It’s also important to consider cooking times. If you never ever cook from scratch, will you suddenly want to make pots of beans and homemade bread? If the power goes out, will you have a way that you’ll be able to cook these foods?

Create a stockpile with emergency food buckets

If you’re trying to build a food supply quickly, consider ordering a bucket with a month’s supply of meals in it.

Here’s why every prepper should have some emergency food buckets stashed away:

  1. A lot of calories can be condensed into a very small amount of space.
  2. If you have the capacity to boil water during an emergency, a filling meal can be yours.
  3. They add variety and speed to an emergency food supply.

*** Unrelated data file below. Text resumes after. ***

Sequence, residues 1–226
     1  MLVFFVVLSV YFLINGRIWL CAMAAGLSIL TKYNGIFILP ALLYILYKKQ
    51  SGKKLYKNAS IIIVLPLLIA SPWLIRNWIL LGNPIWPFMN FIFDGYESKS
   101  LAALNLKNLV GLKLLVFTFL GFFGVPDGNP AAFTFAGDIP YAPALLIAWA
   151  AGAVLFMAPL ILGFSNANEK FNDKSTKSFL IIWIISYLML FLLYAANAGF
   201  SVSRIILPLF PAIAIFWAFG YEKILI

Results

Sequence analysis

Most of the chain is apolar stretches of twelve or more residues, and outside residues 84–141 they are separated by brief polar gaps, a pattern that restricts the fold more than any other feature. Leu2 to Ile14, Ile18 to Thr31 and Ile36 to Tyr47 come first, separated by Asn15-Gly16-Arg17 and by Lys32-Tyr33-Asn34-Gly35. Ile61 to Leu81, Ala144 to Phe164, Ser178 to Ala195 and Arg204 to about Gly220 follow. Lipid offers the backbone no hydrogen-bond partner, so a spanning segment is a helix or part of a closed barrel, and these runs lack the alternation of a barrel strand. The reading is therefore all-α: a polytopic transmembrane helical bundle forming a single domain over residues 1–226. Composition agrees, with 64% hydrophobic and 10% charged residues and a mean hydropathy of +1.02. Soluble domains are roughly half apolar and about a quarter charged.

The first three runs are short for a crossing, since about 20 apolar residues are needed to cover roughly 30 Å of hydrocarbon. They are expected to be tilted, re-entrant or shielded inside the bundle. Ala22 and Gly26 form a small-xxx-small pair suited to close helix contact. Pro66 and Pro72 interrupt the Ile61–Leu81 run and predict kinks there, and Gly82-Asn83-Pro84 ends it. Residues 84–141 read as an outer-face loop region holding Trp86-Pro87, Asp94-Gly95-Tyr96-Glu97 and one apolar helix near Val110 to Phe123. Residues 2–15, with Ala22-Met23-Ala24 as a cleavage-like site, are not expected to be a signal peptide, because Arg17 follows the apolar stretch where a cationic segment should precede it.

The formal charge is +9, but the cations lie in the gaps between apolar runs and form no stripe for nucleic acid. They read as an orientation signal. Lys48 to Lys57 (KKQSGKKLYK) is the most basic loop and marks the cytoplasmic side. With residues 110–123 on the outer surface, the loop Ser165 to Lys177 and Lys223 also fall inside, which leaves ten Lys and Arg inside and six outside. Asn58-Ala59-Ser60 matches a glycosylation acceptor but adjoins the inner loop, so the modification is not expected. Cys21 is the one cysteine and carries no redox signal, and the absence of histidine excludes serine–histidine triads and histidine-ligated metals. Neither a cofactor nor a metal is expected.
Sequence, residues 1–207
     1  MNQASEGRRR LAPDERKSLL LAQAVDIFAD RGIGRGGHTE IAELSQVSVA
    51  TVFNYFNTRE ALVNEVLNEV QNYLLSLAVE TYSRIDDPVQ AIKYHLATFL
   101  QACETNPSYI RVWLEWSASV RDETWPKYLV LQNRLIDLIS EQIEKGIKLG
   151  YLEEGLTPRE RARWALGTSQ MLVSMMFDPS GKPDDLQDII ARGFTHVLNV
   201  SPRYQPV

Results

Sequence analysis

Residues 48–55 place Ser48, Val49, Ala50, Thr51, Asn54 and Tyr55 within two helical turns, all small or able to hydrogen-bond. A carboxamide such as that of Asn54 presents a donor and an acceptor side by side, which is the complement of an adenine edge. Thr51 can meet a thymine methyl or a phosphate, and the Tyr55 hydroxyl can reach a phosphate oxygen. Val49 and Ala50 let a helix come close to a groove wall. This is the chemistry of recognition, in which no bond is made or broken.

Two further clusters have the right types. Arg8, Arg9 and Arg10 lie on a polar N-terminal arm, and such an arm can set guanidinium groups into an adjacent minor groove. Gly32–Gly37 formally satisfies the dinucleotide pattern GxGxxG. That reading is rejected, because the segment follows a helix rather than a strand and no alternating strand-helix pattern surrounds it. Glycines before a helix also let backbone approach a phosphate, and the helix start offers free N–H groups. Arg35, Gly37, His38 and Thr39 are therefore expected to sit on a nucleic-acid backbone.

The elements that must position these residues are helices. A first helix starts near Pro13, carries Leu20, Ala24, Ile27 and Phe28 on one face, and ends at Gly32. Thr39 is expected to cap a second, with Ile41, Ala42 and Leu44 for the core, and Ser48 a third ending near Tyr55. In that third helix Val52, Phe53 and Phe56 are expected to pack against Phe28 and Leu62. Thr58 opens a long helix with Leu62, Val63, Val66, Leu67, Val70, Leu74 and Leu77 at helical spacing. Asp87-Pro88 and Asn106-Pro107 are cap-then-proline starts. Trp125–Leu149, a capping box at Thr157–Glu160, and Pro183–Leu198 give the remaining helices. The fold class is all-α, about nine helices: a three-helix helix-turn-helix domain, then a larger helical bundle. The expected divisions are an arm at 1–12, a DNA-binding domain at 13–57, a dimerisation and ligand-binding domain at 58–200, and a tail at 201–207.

4. Calorie for calorie, they’re lightweight and easily portable in the event of a bug-out scenario.
  5. They’re professionally packaged to have a 25-year shelf life, so you can get it, stick it in the back of your closet, and forget about it until you need it.

Now, the downside.

If you’re looking for ready-made meals, none of them are going to be completely without additives. This is impossible, because they’re made to last for 25 years, to take up minimal space,  to cook up quickly and efficiently, and to taste reasonably good.

Some compromises must be made. Yes, emergency food buckets contain processed food, but you don’t have to let go of all of your focus on healthful choices.

You may look at the prices of these items and say, “Oh, I can’t afford this.” But you have to remember, this is enough food for an ENTIRE MONTH.  At $150, that means you’re spending only $3 per day on food.  It honestly doesn’t get much cheaper than that.  There’s a variety of price points below, with the pros and cons of each. These were the prices at the time of publication.